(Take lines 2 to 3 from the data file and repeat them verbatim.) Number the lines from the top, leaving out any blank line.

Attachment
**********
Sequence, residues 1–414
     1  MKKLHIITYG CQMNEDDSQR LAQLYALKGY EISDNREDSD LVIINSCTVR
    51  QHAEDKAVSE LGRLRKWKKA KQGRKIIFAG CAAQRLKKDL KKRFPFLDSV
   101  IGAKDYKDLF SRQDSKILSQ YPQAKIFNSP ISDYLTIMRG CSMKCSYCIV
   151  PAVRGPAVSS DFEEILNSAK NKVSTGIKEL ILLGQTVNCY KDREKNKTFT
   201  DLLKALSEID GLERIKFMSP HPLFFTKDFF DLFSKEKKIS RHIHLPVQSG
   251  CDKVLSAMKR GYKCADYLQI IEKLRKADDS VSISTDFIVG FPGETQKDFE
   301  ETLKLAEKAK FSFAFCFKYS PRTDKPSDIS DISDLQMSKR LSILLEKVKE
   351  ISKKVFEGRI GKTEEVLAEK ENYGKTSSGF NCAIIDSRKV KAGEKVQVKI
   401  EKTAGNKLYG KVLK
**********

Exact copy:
     1  MKKLHIITYG CQMNEDDSQR LAQLYALKGY EISDNREDSD LVIINSCTVR
    51  QHAEDKAVSE LGRLRKWKKA KQGRKIIFAG CAAQRLKKDL KKRFPFLDSV